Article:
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The Senate Finance committee's vote not to include a "public option" (i.e., a government health insurance program) in its health reform bill came as no surprise, but it was baffling all the same. Chairman Max Baucus excluded it from his chairman's mark. Yet even as he voted against it Tuesday, he said, "There's a lot to like in a public option" and "A public option would help to hold insurance companies' feet to the fire." He was voting against it, Baucus explained, because it couldn't get 60 votes in the Senate.
Baucus is right that there are not 60 votes in support of the public option. (If health reform were brought up as a "reconciliation" bill, it would need only 50 votes, a goal more within reach. Unfortunately, Democrats have little stomach for this gambit at the moment.) The public option has no support among Senate Republicans and is even opposed by many Senate Democrats.
But this isn't an instance of politicians bowing to popular passions. As the liberal watchdog Media Matters pointed out, more Americans believe in the existence of UFOs (34 percent, according to a 2007 Associated Press poll) than oppose the public option (26 percent, according to a recent New York Times poll). Even among Republicans, opposition tothe public option (42 percent) is outweighed by support (47 percent). Polls consistently find that the public option is more popular than health reform itself.
Nor is this an instance of politicians bowing to the doctors' lobby. Support for the public option among physicians is even greater than it is among the public (63 percent), even though it's intended to curb their fees. Within the health care lobby, only health insurers are dead set against the public option, because it would shrink (and, eventually, if greatly expanded, could largely eliminate) their market share.
The strong public support for the public option has persuaded its chief supporters, Sen. Jay Rockefeller, D-W.Va., and Sen. Chuck Schumer, D-N.Y., that even if they're unable to get it into the health reform bill on the Senate floor, it will eventually become law. Balanced against this sunny view is the bleaker one (expressed by Rockefeller at the Tuesday markup) that health reform will put half a trillion dollars into private health insurers' hands over the next 10 years. As lobbies become wealthier, they tend to become more powerful, not less so.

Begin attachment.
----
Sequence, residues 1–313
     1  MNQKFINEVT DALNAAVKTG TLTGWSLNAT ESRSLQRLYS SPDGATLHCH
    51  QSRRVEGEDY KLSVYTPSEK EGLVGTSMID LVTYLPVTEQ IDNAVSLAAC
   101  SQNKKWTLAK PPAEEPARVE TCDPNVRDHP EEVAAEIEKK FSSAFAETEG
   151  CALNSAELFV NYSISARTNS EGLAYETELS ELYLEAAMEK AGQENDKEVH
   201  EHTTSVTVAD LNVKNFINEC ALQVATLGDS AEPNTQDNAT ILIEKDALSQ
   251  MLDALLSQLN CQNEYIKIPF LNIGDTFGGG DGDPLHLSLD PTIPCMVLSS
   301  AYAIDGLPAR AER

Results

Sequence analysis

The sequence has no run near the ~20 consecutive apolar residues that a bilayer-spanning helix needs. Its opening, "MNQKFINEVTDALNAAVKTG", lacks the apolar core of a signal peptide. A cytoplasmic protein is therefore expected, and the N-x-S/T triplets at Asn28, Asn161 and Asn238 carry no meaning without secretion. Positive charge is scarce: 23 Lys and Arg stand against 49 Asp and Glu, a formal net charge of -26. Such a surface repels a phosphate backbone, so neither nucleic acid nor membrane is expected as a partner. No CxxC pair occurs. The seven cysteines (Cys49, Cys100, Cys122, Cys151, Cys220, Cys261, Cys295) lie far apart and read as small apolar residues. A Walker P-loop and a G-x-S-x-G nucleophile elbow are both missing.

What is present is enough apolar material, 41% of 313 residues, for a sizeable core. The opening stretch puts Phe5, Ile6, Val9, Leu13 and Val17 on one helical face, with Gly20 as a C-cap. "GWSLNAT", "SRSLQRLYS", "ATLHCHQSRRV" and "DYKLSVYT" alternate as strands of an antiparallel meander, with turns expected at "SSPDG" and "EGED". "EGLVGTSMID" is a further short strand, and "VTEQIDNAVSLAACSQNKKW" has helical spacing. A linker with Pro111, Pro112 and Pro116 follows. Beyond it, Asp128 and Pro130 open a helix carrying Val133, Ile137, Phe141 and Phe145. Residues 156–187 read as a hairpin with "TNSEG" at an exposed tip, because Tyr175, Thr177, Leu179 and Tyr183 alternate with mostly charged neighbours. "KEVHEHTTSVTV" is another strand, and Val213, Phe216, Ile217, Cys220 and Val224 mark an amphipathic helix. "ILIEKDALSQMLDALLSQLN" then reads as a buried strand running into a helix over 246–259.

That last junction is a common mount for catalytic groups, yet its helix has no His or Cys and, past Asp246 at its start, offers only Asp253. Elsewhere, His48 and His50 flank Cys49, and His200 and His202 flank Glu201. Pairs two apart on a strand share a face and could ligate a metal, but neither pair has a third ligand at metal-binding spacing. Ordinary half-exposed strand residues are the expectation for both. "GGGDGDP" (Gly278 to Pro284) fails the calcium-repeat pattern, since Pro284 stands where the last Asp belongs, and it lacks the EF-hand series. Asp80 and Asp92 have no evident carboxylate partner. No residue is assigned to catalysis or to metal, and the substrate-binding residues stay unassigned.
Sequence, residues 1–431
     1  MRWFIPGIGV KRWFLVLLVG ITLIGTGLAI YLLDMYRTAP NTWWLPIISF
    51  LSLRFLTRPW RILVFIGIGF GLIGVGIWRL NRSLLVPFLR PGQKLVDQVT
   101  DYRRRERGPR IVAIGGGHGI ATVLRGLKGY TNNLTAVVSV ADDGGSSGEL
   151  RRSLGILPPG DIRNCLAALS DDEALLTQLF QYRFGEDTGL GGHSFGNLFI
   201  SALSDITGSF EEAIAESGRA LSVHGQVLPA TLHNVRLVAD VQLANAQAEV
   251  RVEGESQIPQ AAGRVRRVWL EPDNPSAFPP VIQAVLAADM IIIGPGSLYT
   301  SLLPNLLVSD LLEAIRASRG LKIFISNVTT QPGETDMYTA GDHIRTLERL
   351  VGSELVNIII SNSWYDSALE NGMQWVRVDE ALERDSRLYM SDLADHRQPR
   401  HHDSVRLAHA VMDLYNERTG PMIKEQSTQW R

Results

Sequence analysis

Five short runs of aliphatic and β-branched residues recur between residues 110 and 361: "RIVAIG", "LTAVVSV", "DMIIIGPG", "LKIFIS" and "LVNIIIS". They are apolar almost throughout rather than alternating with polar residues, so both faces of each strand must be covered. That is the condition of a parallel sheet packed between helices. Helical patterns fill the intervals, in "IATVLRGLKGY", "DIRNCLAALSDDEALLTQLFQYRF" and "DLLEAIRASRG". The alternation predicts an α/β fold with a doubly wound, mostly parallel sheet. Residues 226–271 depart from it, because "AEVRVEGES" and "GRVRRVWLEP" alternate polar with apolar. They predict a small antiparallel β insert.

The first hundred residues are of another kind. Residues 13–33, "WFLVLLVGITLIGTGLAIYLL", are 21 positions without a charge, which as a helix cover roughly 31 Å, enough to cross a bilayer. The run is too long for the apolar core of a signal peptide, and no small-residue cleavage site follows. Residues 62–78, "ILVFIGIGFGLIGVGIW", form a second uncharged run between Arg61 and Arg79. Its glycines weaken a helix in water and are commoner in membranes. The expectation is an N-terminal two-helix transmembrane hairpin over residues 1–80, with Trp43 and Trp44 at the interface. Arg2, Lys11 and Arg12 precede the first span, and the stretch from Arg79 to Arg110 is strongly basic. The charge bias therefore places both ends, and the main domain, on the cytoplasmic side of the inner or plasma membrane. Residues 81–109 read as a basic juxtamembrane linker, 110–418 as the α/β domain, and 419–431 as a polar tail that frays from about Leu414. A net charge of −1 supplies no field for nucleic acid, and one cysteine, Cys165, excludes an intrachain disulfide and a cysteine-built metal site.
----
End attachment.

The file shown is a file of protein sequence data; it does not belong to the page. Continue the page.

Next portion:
The Senate markup was full of nonsensical moments. (A fuller account of the proceedings is available here.) Sen. Kent Conrad, D-N.D., who persuaded Baucus to substitute the public option with funding for nonprofit health care cooperatives, waxed rhapsodic about the health systems in France, Switzerland, Germany, and Japan, which provide benefits through "not-for-profit insurers" like his proposed co-ops. But he neglected to point out that these foreign nonprofits enjoy an advantage the Baucus plan doesn't deliver. In France, Switzerland, Germany, and Japan, it isin most instances against the law to provide basic health coverage on a for-profit basis.
Sen. Charles Grassley, R-Iowa, said he couldn't support the public option because the government had a history, in the Medicare program, of breaking initial promises not to limit physicians' fees. This was just moments after his fellow committee Republican, Sen. John Cornyn of Texas, had complained that the public option would lead to out-of-control entitlement spending. For the record, the public option is not an entitlement program. Entitlement programs involve automatic spending. Whatever Congress spent on a public option would have to be appropriated.
The public option failed not once but twice, first in a version proposed by Rockefeller and then in a compromise proposed by Schumer. Rockefeller's undiluted version failed 15-8, with five Democrats and all Republicans voting against. Schumer's failed 13-10, picking up two Democrats (Florida's Bill Nelson and Delaware's Tom Carper). * Public-option advocates will now try to shoehorn it into the bill that gets blended with the Senate Health committee's bill (which includes a public option); to pass it through amendment on the Senate floor; or to get House-Senate conferees to support it.
Success is possible but unlikely. Public support may need to rise to 90 percent before Congress is willing to concede that voters want it.
E-mail Timothy Noah at email@example.com.
Correction, Sept. 30, 2009: An earlier version of this column made erroneous reference to "Florida's Ben Nelson." Florida's Democratic senator is named Bill Nelson. Nebraska's Democratic senator is named Ben Nelson. (Return to the corrected sentence.)